Society X

the Great Universe

Tag: Latin

Core, Coeur, Cor, Kerd

by 5ocietyx

the core of a human

Core (n.) late 14c., probably from Old French coeur “core of fruit, heart of lettuce,” literally “heart,” from Latin cor “heart,” from PIE root *kerd- “heart”.

taken from – http://www.etymonline.com/index.php?term=core&allowed_in_frame=0

Note the Proto-Indo-European root of the word ‘core’ is ultimately ‘kerd’. This is also the root of the Germanic-origin English word ‘heart’.

Etymology of the word ‘Vatican’

by 5ocietyx

Druids Ovates

The English-Latin noun vates /ˈveɪtiːz/ is a term for a prophet, following the Latin term. It is the origin of the English term ovate for an Irish bard.

In pagan Rome the vates resided on the Vatican Hill, the Hill of the Vatii. Indeed, the Vatican Hill takes it name from the Latin word Vaticanus, a vaticiniis ferendis, in allusion to the oracles, or Vaticinia, which were anciently delivered on the Vatican Hill.

Druids, Vates (or Ovates) and Bards represented the three classes of Celtic priesthood, according to the Ancient Greek writers. Druids played the important role in the Celtic society dealing with magic, religious rites, worship and sacrifices, judicial procedures, literature and language, philosophy, astronomy and medicine. Vates had the role of seers, prophets and performed sacrifices, while Bards were poets and musicians who collected oral traditions, serving to preserve history and spread the fame of brave warriors and kings.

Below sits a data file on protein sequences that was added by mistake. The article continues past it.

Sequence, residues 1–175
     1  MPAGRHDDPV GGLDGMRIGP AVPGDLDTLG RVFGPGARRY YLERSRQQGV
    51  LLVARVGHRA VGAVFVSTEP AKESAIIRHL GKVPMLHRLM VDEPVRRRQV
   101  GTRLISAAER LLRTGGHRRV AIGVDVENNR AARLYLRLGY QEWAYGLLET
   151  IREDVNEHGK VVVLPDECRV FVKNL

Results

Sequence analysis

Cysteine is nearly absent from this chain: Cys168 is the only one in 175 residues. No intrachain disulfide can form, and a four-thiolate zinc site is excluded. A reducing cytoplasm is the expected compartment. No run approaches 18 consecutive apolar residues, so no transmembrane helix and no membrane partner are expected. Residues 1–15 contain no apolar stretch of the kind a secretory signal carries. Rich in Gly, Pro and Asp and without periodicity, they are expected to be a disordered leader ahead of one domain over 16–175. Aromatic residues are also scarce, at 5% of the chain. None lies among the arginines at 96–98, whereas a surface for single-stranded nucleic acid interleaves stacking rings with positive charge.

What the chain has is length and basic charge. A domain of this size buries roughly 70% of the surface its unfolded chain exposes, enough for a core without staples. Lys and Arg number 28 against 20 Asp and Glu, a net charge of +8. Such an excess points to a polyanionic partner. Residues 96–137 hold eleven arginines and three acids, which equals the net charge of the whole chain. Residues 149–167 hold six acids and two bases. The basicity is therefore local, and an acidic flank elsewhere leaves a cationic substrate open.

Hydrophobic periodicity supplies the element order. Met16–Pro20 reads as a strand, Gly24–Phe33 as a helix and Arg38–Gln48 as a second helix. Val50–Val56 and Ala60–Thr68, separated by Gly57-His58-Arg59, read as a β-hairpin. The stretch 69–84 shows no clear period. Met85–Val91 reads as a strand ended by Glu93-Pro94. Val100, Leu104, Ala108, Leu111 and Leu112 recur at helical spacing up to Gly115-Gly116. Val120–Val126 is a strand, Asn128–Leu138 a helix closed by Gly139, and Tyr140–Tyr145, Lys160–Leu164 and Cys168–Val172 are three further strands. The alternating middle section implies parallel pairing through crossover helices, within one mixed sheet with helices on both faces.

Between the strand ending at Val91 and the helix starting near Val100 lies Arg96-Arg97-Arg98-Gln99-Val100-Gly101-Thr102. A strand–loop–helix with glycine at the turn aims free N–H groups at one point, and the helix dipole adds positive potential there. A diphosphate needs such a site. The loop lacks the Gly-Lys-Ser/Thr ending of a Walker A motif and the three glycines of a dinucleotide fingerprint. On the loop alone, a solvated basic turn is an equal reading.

http://en.wikipedia.org/wiki/Vates
http://www.memoryofstones.eu/2/druids_vates_bards_333035.html

Fire – etymology

by 5ocietyx

fire (n.) Look up fire at Dictionary.comO.E. fyr, from P.Gmc. *fuir (cf. O.S., O.Fris. fiur, O.N. fürr, M.Du., Du. vuur, O.H.G. fiur, Ger. Feuer), from PIE *perjos, from root *paewr- (cf. Armenian hur “fire, torch,” Czech pyr “hot ashes,” Gk. pyr, Umbrian pir, Skt. pu, Hittite pahhur “fire”). Current spelling is attested as early as 1200, but did not fully displace M.E. fier(preserved in fiery) until c.1600.

PIE apparently had two roots for fire: *paewr- and *egni- (cf. L. ignis). The former was “inanimate,” referring to fire as a substance, and the latter was “animate,” referring to it as a living force (see water).

taken from –

http://www.etymonline.com/index.php?allowed_in_frame=0&search=fire&searchmode=none

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